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China's promise lures grads home

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Fewer Chinese students going abroad

Since 1978, when Chinese students were first allowed to go abroad, about 1.3 million of them have done so. In the past, nearly three-quarters of them would stay away and find work outside China, but that proportion is now dropping.

Among those returning home after their studies are some scientific researchers tempted by special programs the Chinese government has set up to fund their work and pay them better salaries. Others have taken advantage of the Beijing muni­cipal government's offer of temporary accommodation, tax breaks on cars, and priority access to a prized city residence permit.

Most, though, are coming back simply because today there are enough jobs to match their skills.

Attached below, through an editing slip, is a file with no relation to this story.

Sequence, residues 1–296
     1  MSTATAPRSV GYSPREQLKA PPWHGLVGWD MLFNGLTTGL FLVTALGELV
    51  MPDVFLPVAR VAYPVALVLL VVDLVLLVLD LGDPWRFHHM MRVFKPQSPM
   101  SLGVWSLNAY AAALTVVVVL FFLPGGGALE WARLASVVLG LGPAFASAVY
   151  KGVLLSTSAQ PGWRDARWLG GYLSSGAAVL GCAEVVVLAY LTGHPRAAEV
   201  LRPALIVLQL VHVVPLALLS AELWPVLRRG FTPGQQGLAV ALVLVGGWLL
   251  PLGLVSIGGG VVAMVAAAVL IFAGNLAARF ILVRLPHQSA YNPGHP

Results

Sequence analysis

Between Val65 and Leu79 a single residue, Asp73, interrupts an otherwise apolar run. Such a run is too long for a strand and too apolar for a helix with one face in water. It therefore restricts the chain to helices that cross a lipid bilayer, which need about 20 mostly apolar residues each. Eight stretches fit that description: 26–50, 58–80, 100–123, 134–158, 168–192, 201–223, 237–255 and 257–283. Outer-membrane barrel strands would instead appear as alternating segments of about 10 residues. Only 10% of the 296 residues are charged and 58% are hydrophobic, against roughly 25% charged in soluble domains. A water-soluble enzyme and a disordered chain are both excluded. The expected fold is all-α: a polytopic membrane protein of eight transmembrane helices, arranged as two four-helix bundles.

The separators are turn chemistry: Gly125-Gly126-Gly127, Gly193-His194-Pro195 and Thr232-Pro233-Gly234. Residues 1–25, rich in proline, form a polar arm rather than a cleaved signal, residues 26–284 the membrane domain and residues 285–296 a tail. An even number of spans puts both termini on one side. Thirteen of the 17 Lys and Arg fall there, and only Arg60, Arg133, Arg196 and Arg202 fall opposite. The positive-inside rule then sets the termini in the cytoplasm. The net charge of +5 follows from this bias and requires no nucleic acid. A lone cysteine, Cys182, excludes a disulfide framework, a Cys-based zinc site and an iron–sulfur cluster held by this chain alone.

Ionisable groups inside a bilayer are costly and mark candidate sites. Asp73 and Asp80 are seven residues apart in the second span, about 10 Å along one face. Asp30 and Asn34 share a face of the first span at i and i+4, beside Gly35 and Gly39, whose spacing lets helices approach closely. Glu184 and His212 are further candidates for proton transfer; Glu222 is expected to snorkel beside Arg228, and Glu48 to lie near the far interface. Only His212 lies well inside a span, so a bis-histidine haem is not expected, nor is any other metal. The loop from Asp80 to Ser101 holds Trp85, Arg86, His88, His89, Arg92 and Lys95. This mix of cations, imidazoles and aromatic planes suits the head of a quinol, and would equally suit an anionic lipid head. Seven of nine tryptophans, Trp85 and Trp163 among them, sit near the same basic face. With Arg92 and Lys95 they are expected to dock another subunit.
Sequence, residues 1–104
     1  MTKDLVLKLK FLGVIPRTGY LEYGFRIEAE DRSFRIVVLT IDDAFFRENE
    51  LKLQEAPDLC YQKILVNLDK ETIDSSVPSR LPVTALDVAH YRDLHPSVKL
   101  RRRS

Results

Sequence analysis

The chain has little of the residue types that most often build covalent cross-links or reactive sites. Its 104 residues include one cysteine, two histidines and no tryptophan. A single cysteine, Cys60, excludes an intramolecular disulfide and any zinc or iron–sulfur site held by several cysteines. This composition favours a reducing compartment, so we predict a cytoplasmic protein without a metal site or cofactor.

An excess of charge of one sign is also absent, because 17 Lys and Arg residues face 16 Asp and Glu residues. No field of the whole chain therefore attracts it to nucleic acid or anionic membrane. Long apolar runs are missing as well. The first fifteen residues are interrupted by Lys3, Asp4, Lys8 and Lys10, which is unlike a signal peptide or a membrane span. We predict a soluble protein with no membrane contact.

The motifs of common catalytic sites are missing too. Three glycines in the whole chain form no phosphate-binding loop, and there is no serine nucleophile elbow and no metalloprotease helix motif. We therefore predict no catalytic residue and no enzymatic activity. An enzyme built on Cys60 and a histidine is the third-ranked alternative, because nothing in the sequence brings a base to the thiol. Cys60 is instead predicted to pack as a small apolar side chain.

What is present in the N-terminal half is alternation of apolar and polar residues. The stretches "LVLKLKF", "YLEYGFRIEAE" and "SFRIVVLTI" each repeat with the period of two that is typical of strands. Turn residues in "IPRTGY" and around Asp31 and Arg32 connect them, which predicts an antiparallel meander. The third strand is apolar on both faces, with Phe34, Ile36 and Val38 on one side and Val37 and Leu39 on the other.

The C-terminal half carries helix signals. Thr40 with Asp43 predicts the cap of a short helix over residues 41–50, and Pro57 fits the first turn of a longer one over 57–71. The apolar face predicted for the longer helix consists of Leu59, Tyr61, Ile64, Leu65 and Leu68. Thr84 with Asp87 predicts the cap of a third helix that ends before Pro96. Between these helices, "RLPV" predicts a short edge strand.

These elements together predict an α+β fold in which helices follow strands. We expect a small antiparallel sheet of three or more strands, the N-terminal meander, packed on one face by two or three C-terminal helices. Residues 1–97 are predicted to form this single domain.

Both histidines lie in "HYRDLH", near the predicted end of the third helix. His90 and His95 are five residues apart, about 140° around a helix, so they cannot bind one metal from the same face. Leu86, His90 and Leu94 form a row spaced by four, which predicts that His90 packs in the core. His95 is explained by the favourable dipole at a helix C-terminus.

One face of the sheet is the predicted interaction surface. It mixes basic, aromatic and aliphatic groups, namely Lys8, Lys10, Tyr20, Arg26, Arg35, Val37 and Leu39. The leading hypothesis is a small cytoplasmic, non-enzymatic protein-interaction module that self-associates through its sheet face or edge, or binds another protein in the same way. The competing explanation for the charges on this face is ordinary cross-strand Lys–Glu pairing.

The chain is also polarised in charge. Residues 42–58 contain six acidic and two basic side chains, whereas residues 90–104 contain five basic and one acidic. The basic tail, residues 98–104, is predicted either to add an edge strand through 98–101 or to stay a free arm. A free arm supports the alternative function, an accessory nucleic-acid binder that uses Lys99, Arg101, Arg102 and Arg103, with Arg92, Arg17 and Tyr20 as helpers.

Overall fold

"There are more foreign companies in China and more Chinese companies doing international business," says Zong Wa, head of the China Education Association for International Exchange, a group affiliated with the Education Ministry. "That creates more and more opportunities for people who have been abroad for a while," he says.

Most employers welcome them, says Jiang Lei, an executive with the Education International Cooperation Group, a company that helps students find university places abroad.

The firm noted in a recent survey that 77 percent of returnees found a job within three months of coming home, says Mr. Jiang, a much higher rate than for locally educated students.

"Their experience and education abroad makes them more tolerant of other values and they have learned the international rules of the game," Jiang adds. "That's their advantage."

The gap between the East and the West

China does not just offer jobs to new graduates. Increasingly, its cities offer the sort of lifestyle that students enjoyed abroad.

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